/ Updated  / Source: NBC News
By Alexandra Campbell Howe

STAMFORD, Conn. — For Miriam Martinez-Lemus, the tracking device she has worn on her ankle for months is a bothersome reminder that the U.S., despite being her home for the last 26 years, has ordered her to leave.

But it is also tangible proof of her determination to stay.

Martinez-Lemus, 53, who has lived in the U.S. without legal status since leaving her native Guatemala in 1992, has attracted the support of neighbors and public officials in Connecticut for defying an order to leave the country when her stay of deportation was denied last year. The order came after she had checked in with immigration authorities for years without incident.

Martinez-Lemus has said that she will not leave her husband and two daughters because the oldest, Brianna, 13, has Type 1 diabetes and requires constant care and medical attention.

“It is so stressful, I feel like a criminal,” a tearful Martinez-Lemus said of living with the tracking bracelet that was issued by Immigration and Customs Enforcement (ICE). “It feels awful, as if I had done something terrible, especially when we have always tried to do the right thing.”

Miriam's electronic monitoring device, issued by ICE, must be worn 24/7.
Miriam Martinez-Lemus, who lives in Stamford, CT., shows her electronic monitoring device, issued by ICE, which she is required to wear at all times. Alexandra Campbell Howe.

Community advocates say they are seeing more cases like hers, with fewer stays of deportation being issued.

“It is kind of the new norm,” said Catalina Samper-Horak, executive director of Building One Community (B1C), a nonprofit organization that provides support to immigrant families in the Stamford area.

"Before, Immigration had discretion," she said, adding, "Miriam has a very strong humanitarian case, a very strong reason for her to stay."

Fleeing violence and deaths threats in Guatemala, Martinez-Lemus crossed the border into the U.S. and settled in Stamford, where she now lives with her husband, Raphael Benavides, and daughters Brianna and Alison, 10.

She worked as a nanny for a family in Greenwich for 10 years, and for various cleaning companies. She and her husband own a small apartment, and her daughters, both U.S. citizens, attend Stamford public schools, where they play basketball, participate in the school play and, according to their mom, excel at academics.

After Martinez-Lemus' application for asylum was denied, she began pursuing other avenues to legalization. She has routinely checked in with immigration since 2012, and received stays of deportation — until November.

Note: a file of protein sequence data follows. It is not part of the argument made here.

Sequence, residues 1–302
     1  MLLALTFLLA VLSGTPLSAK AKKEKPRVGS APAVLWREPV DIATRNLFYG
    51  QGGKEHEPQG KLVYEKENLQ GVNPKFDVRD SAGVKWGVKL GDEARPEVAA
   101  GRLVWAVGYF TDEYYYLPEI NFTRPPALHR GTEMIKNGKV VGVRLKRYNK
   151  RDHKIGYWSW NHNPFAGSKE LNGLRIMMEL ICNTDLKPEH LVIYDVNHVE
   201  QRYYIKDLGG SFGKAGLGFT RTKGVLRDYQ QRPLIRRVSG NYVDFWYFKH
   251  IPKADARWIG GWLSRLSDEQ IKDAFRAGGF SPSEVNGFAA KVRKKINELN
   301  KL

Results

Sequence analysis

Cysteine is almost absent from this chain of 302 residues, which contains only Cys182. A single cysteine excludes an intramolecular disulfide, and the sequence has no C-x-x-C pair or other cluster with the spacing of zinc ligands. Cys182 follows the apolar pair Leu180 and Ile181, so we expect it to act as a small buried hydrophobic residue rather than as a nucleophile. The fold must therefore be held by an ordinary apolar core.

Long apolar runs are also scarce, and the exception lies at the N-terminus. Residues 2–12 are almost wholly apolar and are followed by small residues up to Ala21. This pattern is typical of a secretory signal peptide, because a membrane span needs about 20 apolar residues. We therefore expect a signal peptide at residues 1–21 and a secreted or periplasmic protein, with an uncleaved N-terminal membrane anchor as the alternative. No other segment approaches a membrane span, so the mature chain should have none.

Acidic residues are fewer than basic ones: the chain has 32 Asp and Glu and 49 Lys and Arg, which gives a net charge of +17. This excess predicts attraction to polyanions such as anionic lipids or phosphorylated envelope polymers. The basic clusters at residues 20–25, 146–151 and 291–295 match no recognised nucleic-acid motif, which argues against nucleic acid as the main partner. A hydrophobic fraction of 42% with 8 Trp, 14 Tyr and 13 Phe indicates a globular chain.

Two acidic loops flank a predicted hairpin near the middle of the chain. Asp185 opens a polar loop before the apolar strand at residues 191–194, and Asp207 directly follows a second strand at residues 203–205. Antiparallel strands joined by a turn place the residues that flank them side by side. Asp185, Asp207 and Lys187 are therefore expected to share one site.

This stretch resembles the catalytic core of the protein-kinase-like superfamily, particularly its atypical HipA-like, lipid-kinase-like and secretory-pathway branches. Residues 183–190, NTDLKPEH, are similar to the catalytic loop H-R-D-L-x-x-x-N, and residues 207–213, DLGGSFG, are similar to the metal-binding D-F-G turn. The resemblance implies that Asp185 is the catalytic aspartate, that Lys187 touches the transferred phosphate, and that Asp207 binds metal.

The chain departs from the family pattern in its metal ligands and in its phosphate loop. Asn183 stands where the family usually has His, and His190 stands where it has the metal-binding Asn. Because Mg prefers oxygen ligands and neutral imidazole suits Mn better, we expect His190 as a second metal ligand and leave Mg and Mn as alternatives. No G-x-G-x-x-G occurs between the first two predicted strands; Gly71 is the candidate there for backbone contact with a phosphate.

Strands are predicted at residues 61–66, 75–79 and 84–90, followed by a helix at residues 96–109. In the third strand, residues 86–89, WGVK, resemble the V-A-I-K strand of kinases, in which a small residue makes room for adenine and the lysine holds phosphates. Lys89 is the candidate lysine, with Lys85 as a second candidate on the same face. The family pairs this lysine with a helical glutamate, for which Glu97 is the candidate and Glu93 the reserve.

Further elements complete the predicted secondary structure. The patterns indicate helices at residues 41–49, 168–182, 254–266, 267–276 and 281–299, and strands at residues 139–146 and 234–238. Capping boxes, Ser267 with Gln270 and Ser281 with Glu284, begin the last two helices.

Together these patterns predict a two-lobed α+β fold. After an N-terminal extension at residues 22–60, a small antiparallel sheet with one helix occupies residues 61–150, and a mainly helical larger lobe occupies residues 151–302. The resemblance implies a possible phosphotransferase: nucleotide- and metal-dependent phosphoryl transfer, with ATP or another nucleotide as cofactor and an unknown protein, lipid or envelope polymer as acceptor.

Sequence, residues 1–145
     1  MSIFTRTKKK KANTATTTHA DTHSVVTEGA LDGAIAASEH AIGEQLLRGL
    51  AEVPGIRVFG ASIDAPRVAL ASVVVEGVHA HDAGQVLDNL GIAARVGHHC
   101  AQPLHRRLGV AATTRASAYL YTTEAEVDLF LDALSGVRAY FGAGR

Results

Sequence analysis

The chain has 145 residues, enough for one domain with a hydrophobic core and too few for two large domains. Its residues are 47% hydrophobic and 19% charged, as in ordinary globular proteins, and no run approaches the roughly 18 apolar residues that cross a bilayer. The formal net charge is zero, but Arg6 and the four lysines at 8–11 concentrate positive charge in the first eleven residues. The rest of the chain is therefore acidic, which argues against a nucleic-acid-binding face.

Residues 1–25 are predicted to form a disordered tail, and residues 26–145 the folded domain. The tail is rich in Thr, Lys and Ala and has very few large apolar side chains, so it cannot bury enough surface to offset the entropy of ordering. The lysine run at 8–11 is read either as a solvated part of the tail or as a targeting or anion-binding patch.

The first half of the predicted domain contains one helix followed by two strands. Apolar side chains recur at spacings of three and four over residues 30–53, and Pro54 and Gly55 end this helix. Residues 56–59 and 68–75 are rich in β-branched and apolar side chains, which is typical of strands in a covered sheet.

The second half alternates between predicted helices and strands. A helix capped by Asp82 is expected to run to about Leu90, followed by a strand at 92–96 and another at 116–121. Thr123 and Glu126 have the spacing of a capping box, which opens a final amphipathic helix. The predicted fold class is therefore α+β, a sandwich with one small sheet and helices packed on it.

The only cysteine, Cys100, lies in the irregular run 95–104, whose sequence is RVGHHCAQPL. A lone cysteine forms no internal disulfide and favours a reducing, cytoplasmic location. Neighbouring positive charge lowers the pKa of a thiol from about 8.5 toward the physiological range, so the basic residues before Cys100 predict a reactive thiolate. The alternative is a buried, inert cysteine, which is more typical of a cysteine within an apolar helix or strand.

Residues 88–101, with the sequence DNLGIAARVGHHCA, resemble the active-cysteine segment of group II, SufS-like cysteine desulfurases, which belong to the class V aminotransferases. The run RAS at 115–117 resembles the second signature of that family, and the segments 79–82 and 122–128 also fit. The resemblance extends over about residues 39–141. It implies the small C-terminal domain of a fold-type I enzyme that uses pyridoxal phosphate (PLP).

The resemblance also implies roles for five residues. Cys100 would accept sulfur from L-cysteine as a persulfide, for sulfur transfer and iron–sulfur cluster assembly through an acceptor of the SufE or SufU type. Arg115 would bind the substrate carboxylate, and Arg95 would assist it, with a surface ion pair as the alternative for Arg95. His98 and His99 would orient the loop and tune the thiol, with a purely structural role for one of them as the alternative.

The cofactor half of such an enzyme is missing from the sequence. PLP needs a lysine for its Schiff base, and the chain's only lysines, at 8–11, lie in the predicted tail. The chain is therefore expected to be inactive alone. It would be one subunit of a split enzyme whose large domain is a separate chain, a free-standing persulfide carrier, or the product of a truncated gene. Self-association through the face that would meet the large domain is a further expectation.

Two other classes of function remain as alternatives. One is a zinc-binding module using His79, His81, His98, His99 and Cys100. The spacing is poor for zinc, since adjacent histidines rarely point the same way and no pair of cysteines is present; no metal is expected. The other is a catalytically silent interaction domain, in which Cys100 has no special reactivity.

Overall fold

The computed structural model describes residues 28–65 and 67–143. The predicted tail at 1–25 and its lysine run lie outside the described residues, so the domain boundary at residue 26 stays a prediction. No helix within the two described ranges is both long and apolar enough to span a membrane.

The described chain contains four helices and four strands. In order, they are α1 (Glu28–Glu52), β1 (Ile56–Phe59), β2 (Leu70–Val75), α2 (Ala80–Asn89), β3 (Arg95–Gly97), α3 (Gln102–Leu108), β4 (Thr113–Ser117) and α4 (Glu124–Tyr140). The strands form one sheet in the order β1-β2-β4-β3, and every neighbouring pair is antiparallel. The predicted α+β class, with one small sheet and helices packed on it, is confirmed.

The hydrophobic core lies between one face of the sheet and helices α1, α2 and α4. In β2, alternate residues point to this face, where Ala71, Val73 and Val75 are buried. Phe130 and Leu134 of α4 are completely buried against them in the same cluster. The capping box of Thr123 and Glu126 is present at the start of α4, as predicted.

At the time, ICE said in a statement: "A federal immigration judge granted her voluntary departure in 2002, but she failed to leave the U.S. as instructed and that order automatically changed to a final order of removal."

But instead of boarding a flight to Guatemala after the removal order was issued, Martinez-Lemus went home to her family — where she has remained since, waiting for ICE to knock on her door or for her appeal to be heard in immigration court in Hartford.

Miriam Martinez-Lemus, an immigrant from Guatemala, has been living in the U.S. for the past 25 years.
Miriam Martinez-Lemus, an immigrant from Guatemala, has been living in the U.S. for the past 26 years.Alexandra Campbell Howe.

Her attorney, Glenn Formica, won a last-ditch motion granting her an emergency stay of removal until her appeal is heard.

In the meantime, Martinez-Lemus has to check in with ICE every two weeks and has a home visit once a week, Formica said.

He said that the government was in a very "aggressive" removal phase.

"Whereas in past administrations, you would not see someone with such a profoundly sick child being asked to depart the country, now you are," Formica said. "I think ICE’s position is, unless the court grants her a stay, we are putting her on a plane. ... Immigration is removing anybody and everybody."

Formica's practice has around 300 active removal cases, a drastic increase from this time in 2017.

The managers at Building One Community, which has helped 2,700 families from 52 different countries, have also seen a significant increase in cases such as Martinez-Lemus’. Last year they allocated more resources and hired additional staff, including a full-time immigration attorney, and started new programs to handle the growing need.

Alison, Miriam Martinez-Lemus, B1C Family & School Services Director Lorely Peche, Brianna, and Raphael Benavides seen here at B1C in downtown Stamford, CT.
The family is joined by B1C Family and School Services Director Lorely PecheCatalina Samper-Horak.

“2017 was a huge year of growth in terms of the [organization's] immigration component because people were really scared,” Samper-Horak said. “We started doing training for the Stamford public school teachers. We started going to community events and other nonprofits and making sure that they understood how the political landscape was affecting people.”

Connecticut's Gov. Dannel Malloy and Sen. Richard Blumenthal, both Democrats, have been publicly supporting the family.

"It is my hope that the stay of deportation will give time for reason and rationality to prevail, and that Miriam's case will now be given full and fair consideration," Blumenthal said in a statement Tuesday, adding he hopes she is allowed to stay in the state with her family.

Martinez-Lemus said her daughters cry whenever she goes for her bracelet check-in, because they're afraid they won't see her again. “I tell them we have to have faith,” she said.

She has a pending motion before the immigration court in Hartford to re-open her case, and her lawyer is hopeful it will be on the docket soon.

“She will do anything, as much as she hates that bracelet,” Formica said. “If that is what it takes so that she can look after her daughter, she is going to do that."

FOLLOW NBC LATINO ON FACEBOOK, TWITTER AND INSTAGRAM